Vaping Trend for Students

November 15, 2017

Dear BHS Parents and Guardians,

With the rise in popularity of e-cigarettes and vaporizers (both of which are commonly referred to as ‘vapes’), I thought it might be helpful to share some information with you and enlist your help to make sure students are not bringing them into Belmont High School. We have seen an increase in students possessing these items this year, and it is clear from conversations with other school leaders that neighboring districts – and those across the country – are experiencing the same increase.

Vapes are being heavily marketed to two groups. The first is for those looking to quit smoking cigarettes and the sales pitch is that vaporizing is healthier than smoking. There is minimal scientific evidence for this (largely because they are still new enough that long-term studies have not been done) and what is getting inhaled plays a significant role in how accurate that could be. But the ‘healthy’ benefits are a big part of the pitch.

The other group the companies are marketing to is adolescents and, while they are playing up the ‘healthy’ aspects, the real pitch here comes down to being ‘cool’. This effort to get young users early is made all the easier by vapes’ convenience and ability to be used quickly and without detection, with very little residual odor (it is usually a little sweet and not like cigarettes or marijuana). As you can see from some of the images below, vapes come in a wide range of designs, all of which easily fit into a pocket or bag. Some versions are designed to avoid notice by looking like other common items, such as inhalers, computer pen drives, and even small gaming systems. A quick Google image search using the words “vaping/vaping devices” will provide additional pictures if you would like to investigate further.

The liquid being vaporized and inhaled is usually referred to as the ‘juice’ and comes in small containers and in a very wide array of flavors. Some are simply flavored liquid. Many, though, have nicotine and other addictive elements to them. The juice is also easily – and often – infused with THC, the key chemical in marijuana.

The result of this ease of access is that students across the country are being encouraged to take part in behavior that is unhealthy, illegal, and, specifically, against the rules at BHS. This reality, mixed with a culture that is becoming increasingly tolerant of marijuana use in general, also means our students have greater access to ways of getting high that are difficult to detect while having fewer concerns about the detrimental impact of marijuana use on their still-developing brains. It’s not a good combination.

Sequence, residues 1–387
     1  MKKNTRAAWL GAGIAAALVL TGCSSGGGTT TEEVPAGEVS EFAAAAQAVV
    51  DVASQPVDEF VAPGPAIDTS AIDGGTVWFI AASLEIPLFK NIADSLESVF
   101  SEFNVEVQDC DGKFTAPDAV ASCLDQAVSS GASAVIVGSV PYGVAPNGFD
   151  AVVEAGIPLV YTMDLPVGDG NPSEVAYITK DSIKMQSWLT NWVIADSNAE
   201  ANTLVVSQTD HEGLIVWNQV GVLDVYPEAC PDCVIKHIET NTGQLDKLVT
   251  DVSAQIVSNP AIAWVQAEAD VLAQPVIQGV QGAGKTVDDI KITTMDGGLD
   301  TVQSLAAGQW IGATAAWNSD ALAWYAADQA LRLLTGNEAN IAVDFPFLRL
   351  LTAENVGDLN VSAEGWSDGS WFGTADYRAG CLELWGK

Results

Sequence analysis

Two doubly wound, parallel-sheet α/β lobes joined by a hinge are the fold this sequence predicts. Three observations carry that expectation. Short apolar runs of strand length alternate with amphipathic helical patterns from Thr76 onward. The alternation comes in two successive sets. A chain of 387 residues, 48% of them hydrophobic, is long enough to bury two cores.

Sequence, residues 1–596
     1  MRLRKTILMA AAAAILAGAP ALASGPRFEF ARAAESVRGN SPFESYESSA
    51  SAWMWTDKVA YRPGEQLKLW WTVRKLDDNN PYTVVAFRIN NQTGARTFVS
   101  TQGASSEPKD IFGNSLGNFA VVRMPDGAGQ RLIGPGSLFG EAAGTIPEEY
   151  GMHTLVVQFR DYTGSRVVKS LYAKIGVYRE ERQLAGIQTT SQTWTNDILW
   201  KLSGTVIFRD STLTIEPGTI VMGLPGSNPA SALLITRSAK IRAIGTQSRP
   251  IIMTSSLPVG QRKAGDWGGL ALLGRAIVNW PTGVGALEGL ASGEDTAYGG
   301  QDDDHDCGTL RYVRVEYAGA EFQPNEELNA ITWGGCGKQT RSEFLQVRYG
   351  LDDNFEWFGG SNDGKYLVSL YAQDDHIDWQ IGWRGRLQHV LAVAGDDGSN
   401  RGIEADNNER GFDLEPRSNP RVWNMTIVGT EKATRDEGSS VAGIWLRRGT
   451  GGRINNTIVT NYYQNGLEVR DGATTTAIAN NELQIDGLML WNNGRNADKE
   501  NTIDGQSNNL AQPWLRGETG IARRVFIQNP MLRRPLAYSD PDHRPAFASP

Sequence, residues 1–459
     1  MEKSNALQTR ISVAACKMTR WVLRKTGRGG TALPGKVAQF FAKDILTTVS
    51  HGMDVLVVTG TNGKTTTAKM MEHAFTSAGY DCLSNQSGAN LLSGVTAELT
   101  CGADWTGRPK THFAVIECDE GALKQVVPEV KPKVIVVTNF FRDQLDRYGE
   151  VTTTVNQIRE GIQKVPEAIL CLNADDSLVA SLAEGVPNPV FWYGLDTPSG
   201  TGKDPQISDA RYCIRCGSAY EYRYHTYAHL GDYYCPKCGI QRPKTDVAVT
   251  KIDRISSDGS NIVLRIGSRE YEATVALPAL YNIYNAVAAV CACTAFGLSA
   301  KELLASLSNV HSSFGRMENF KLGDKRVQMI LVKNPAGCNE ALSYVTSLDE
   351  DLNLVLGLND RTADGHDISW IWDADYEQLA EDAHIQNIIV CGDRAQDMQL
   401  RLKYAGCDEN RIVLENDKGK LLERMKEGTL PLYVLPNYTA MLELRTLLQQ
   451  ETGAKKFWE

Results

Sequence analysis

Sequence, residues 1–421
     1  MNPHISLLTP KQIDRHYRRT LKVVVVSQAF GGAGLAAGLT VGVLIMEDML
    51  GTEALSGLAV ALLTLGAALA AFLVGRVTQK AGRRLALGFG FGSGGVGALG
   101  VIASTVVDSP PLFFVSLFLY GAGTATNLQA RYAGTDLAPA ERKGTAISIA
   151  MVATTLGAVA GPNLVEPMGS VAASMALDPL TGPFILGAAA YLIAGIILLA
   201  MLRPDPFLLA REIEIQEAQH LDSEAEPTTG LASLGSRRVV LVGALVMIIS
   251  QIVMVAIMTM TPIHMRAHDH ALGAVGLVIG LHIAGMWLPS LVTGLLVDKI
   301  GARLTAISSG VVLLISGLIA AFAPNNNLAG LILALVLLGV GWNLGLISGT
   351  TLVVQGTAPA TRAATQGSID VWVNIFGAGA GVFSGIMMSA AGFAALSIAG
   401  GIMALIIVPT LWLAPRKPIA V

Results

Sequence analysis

I strongly encourage you to talk with your student(s) about the dangers of vaping and the problems that can occur from it. Honest and straightforward discussions about issues such as these can have a very significant impact on their choices. In the conversation, it may be helpful to remind students that being in possession of tobacco or nicotine, tobacco/nicotine products, and paraphernalia are against school rules and are listed in the BHS handbook. We will be reminding our students of the concerns over these choices and the potential consequences and would appreciate your reiteration of those points as well. I also appreciate your attentiveness to items your student may have on their possession that look like vapes or the related aspects.


For your information, I addressed this topic with all students during class assemblies at the beginning of the school year. These conversations are ongoing with our students in order to remind them to make positive choices, health implications and avoid consequences. I would appreciate your reiteration of those points and your attentiveness to items your student may have in his/her possession that look like vapes or related aspects.

I do want to stress that Belmont High School is a safe place where the vast, vast majority of our students make great choices each and every day. My interest in reaching out to all of you is to help steer our students away from the draw of vapes’ easy access, use, and misuse. I appreciate your partnership to keep our students making healthy, safe and smart choices.

Thank you,


Mr. Richards



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